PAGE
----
It’s been obvious for some time that the US manufacturing sector has been stumbling, which has been a factor in the general deceleration in US economic output this year. But October data hints at the possibility that manufacturing’s slide has ended.
Top US envoy to Ukraine testifies that Trump tied aid to Biden probe: Politico
Johnson’s Brexit plans in “limbo” after vote in Parliament: BBC
China reportedly planning to replace Hong Kong leader by March: CNBC
China avoids rate cuts, in contrast with other major central banks: CNBC
Third upbeat Fed bank survey for mfg in Oct suggests sector is stabilizing: RichFed
US home sales fell in Sep to the slowest pace in three months: Bloomberg
One question increasingly dominates business-cycle analysis for the US economy these days: How slow can it go without slipping into recession? No one knows the answer… yet. But the latest data shows that growth continues to decelerate, suggesting that the gray area between expansion and contraction may be tested in the months ahead.
Rising business challenges weigh on low-rated US companies: WSJ
Facing obstacles, UK’s Johnson focuses on final push for Oct. 31 Brexit: BBC
Election results show Canada’s Justin Trudeau will serve 2nd term as PM: CNN
Negative rates have unintended consequences, says JP Morgan’s Dimon: CNBC
More than half of banks won’t survive next crisis, McKinsey & Co predicts: BBG
In a surprising turn, protests rattle investor expectations for Chile: Reuters
Eurozone banks eased lending standards in Q3: Reuters
10yr-2yr Treasury yield curve rises to +18 basis points, a 3-month high:
IMF predicts China’s economy will continue to slow in 2020: CNBC
Weak exports for Japan and S. Korea highlight global slowdown: Bloomberg
Johnson plans to bring his Brexit deal to a new vote in Parliament: WSJ
Japan’s top central banker outlines new plan to stimulate economy: Reuters
US Leading Economic Index reaffirms slow-growth outlook for US: MW
Is re-steepened US yield curve a bullish sign for economy? Maybe not: Nordea
Latest rally in US stock market leaves S&P 500 drawdown virtually nil at 1%:
● How Charts Lie: Getting Smarter about Visual Information
By Alberto Cairo
Review via The Economist
His book could not be more timely. Charts and maps pepper traditional and social media more than ever, but there have been few attempts to improve what Mr Cairo calls the “graphicacy” of their consumers. His corrective begins with a chapter on how to read a chart, and this basic notion—that, to be understood, graphs must be read, not merely glanced at—permeates the book. He outlines the essential “scaffolding” of a chart (scales, legend, source and so on), before describing the many ways that data can be built upon it. Only once readers know what a solid structure looks like can they learn to spot a façade.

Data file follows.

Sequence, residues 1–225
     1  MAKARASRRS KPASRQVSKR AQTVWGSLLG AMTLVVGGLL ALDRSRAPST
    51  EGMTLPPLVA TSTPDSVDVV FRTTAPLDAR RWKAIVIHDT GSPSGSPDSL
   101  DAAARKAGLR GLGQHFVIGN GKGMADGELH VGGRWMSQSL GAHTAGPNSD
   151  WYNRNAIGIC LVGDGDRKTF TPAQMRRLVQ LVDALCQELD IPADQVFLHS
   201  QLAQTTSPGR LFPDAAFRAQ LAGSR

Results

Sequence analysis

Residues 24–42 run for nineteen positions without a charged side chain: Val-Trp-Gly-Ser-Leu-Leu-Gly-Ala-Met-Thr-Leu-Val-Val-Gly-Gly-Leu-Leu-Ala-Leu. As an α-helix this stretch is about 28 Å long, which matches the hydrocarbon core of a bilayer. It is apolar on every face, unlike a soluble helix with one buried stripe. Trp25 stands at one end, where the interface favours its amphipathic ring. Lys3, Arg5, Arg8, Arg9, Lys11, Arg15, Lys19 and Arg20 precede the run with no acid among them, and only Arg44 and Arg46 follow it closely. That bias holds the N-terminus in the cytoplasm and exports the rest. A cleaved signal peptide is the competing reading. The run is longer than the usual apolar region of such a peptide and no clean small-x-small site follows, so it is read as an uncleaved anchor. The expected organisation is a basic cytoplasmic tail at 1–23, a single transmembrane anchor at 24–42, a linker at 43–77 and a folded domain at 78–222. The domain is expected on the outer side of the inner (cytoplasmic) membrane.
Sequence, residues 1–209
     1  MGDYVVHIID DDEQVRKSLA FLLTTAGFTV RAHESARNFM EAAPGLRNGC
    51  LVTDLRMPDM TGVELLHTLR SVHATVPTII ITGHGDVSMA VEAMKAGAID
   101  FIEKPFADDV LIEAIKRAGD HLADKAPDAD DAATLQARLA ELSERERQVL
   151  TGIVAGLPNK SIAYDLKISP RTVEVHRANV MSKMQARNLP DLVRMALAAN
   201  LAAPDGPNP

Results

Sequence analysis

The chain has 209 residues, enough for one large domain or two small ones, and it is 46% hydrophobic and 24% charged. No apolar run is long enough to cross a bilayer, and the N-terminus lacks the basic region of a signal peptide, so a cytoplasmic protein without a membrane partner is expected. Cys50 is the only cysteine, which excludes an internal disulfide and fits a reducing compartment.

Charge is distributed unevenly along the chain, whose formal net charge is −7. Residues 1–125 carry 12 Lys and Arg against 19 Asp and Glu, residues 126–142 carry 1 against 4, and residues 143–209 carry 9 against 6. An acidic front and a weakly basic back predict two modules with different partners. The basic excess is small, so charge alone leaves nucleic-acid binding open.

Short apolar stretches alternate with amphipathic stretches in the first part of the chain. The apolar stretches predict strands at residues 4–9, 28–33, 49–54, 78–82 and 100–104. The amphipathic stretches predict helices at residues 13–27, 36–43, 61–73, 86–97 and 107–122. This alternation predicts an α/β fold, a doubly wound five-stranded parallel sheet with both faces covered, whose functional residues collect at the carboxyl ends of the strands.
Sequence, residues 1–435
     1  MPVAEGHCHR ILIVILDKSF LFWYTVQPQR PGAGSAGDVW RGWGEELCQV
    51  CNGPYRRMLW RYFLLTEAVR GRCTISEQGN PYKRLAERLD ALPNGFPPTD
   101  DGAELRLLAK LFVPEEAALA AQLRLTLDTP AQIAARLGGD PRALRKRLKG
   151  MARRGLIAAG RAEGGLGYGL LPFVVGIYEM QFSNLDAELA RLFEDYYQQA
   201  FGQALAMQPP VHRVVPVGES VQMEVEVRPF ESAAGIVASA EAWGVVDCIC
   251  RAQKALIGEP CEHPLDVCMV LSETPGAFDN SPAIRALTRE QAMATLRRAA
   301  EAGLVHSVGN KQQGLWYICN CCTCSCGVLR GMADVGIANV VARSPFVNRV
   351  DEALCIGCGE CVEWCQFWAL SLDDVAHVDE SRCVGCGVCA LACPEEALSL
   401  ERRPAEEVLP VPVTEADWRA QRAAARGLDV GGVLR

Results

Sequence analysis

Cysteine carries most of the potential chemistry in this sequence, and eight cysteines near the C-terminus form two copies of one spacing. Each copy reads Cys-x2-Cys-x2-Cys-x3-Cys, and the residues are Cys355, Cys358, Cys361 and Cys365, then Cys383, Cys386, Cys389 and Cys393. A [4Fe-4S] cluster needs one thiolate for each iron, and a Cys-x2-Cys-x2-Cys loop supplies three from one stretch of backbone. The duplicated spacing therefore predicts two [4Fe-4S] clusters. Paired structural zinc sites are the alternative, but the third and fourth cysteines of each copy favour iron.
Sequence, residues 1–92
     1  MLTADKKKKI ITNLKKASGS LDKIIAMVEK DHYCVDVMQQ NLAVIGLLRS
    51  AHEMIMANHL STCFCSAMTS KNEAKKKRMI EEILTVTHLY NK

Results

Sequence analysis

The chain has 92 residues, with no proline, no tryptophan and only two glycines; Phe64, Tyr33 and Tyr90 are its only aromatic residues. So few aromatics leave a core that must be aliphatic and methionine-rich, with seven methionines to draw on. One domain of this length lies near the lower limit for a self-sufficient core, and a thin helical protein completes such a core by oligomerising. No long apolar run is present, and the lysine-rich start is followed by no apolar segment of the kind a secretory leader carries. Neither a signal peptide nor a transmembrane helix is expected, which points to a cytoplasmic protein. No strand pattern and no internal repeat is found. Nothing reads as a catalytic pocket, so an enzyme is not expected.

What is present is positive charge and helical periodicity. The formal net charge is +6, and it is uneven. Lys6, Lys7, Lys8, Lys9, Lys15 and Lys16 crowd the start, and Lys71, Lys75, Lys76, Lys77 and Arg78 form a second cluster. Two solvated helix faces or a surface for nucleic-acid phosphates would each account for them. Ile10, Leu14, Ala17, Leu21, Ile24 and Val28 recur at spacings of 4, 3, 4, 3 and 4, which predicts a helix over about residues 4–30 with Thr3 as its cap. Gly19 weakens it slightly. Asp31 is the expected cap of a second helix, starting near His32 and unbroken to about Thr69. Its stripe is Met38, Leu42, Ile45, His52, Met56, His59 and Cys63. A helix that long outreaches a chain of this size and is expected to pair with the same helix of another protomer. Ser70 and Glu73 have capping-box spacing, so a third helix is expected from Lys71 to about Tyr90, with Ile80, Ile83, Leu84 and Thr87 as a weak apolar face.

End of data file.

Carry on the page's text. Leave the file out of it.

Explaining the Demise of Value Investing
Baruch Lev (NY University) and Anup Srivastava (U. of Calgary)
August 25, 2019
The business press claims that the long-standing and highly popular value investing strategy—investing in low-valued stocks and selling short high-valued equities—lost its edge since 2007. The reasons for this putative sudden demise of value investing elude investors and academics, making it a challenge to assess the likelihood of the return of value investing to its days of glory. Based on extensive data analysis we show that the strategy has, in fact, been unprofitable for almost 30 years, barring a brief resurrection following dotcom bust. We identify two major reasons for the demise of value: (1) accounting deficiencies causing systematic misidentification of value, and particularly of glamour (growth) stocks, and (2) fundamental economic developments which slowed down significantly the reshuffling of value and glamour stocks which drove the erstwhile gains from the value strategy. We end up by speculating on the likelihood of the resurgence of value investing, which seems low.
Turkey agrees to temporarily halt military operations in Syria: WSJ
UK Parliament expected to reject Johnson’s new Brexit deal on Saturday: CNBC
China’s Q3 annual economic growth slows to 6.0%–lowest in decades: CNBC
A variety of financial risks from climate change are lurking: SF Fed
Housing starts in the US fell in September after reaching 12-year high: MW
US jobless claims continue to predict labor market expansion: CNBC
Philly Fed’s mfg index shows modest growth for October: Philly Fed
US industrial output’s 1-year trend was negative in Sep–first decline since 2016:
Factor investing has become a core part of the investment zeitgeist over the last decade or so, but as a practical matter investors sometimes have a hard time exploiting these risk factors in portfolios. That’s the conclusion of a recent study by BlackRock that analyzes 10,000 portfolios.